It's not really a difficult concept.

Why, then, was Tsarnaev Mirandized? 


  1. Egnor: "Miranda warnings are an aid to prosecutors, not suspects, and are not constitutionally required, if prosecutors accept that they cannot use the suspect's statement at trial."

    Still wrong. The law student writing in the Atlantic specifically states that Miranda protects the Fifth-Amendment rights. Thus Miranda protects the rights of suspects. It's the public safety exception that aids prosecution.

    And under the public safety exception, un-Mirandized statements can be used at trial. The article specifically mentions that: "What the public-safety exception does -- if and only if a court determines that the exception was properly invoked -- is render Tsarnaev's unwarned statements admissible as evidence where they otherwise would not be."


  2. Here is Andy McCarthy, a former Assistant United States Attorney for the Southern District of New York and now a National Review expert on criminal procedures.

    Most people, of course, realize that this is impossible if Miranda warnings must be given. So the administration rolls out canard No. 1: the “public-safety exception.” The public is led to believe that this exception means agents have at least 48 hours of freewheeling interrogation before Miranda kicks in and the terrorist clams up (upon lawyering up). This is brazenly false.

    The public-safety exception is an exceedingly limited end-around. It applies only when arrest is accompanied by an immediate threat to public safety. It is not designed to provide the government with an information-gathering advantage against the arrestee. It is narrowly tailored to address the threat that triggers the exception.

    There is no 48 hours. The exception ends when the threat ends — which, in the view of most courts, happens as soon as the detainee is rendered defenseless. This usually amounts to something closer to 48 seconds than to 48 hours. Moreover, the exception is not a license to do an extensive intelligence debriefing; the pre-Miranda questioning must be tailored to the threat — along the lines of, “Where is the gun?” or “Where are the unexploded bombs?” The public-safety exception does not cover “Where did your brother get terrorist training in Dagestan?”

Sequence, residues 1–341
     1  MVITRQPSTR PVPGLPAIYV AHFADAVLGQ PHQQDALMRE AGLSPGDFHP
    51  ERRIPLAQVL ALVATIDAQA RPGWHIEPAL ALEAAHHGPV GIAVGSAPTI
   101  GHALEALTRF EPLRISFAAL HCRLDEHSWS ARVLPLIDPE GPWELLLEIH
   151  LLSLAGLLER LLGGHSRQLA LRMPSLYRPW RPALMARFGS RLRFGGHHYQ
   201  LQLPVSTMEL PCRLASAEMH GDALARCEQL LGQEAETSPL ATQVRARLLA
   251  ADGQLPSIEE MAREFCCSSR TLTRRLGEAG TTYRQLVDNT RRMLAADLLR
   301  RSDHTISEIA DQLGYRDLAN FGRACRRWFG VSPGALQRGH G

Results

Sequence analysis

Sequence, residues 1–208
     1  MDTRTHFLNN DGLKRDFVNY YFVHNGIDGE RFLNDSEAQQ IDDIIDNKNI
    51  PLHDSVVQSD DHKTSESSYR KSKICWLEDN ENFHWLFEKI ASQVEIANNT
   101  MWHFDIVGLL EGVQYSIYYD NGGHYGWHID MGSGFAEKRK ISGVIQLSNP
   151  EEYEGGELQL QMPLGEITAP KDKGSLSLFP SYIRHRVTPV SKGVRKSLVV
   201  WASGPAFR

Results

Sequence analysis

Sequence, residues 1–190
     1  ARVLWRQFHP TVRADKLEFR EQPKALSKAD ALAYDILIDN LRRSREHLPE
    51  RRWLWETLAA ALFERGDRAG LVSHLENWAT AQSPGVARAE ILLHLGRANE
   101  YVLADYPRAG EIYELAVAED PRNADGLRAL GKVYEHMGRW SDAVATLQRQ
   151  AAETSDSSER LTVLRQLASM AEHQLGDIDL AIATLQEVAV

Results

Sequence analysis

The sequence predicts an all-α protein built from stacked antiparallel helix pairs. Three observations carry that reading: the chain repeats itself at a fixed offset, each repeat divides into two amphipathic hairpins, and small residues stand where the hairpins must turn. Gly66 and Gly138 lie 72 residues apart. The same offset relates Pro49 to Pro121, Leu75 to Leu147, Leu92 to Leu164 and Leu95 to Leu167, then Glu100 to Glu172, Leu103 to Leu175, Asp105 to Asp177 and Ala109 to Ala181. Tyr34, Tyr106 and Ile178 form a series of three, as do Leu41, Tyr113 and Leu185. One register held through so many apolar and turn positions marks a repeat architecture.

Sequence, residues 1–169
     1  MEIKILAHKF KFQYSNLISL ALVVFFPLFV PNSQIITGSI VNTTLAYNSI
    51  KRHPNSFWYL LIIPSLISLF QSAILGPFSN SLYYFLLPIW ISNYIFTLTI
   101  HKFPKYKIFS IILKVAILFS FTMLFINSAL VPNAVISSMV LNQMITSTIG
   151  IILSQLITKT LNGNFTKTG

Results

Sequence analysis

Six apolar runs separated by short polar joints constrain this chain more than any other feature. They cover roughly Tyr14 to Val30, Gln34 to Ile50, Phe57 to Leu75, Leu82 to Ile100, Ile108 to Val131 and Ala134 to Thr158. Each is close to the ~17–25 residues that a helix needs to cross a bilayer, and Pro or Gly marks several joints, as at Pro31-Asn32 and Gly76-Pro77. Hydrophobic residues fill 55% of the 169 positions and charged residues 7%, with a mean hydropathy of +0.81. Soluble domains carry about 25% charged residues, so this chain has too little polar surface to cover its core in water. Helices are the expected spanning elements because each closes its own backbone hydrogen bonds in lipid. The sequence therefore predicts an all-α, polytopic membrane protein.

You are out of your depth, doc.


  3. I don't know much about this. All I know is that I don't want this man to go free because of a technicality.

    --Francisca S.

    1. Francisca:

      I understand, and agree. But he won't go free. The political consequences of such would be devastating to the Left, and they know it.

      There would be insurrection.

    2. Michael,

      I'm bemused at your certainty. 'Presumption of innocence' is a right. He hasn't been put before a court and had the evidence tested yet. The evidence so far to me seems to be circumstantial. Video of the suspect carrying a black bag similar in appearance to that damaged by the explosion. Suspicious behaviour. Having an odd name.

      Further investigation might provide better evidence. For example a bomb fragment with a finger print of the suspect. It's still early days in the investigation.

      Prosecutors like to have as much evidence as possible to make it difficult for a defence counsel to cast doubt on the entire prosecution case. A confession, particularly if it is consistent with physical evidence not publicly revealed, would be useful.

      The courts are, and should be, independent of the political process. If you think that politicians have the power to ensure a conviction, then you belong to Stalinist Russia or Hitler's Germany.

      Actually, I don't know why the courts waste time and money carrying out trials. All they'd need to do is to ask you for the verdict. You've already given the verdict in the Boston bombing. You gave the verdict in the Colorado Catholic hospital malpractice suit (assuming that the court hadn't dismissed the case on the basis that 7 month gestation twins didn't have the rights of persons), despite my noting on several occasions that the Catholic hospital had an extremely good case and would have won on the facts.

      There's also no need for appeals courts, because you're also extremely well qualified to point out where the original courts, after hearing all the evidence, have gone wrong.

  4. "Why, then, was Tsarnaev Mirandized?"

    Because "liberals" are fetishists.

    1. Ilion:

      You hit the nail on the head. Mirandizing Tsarnaev is the same as gun control and welfare and global warming abatement and a host of brainless liberal programs. They actually do no help-- in fact they do much harm-- but they are an opportunity to fetish and preen, which, along with acquiring power, is all liberalism is about anyway.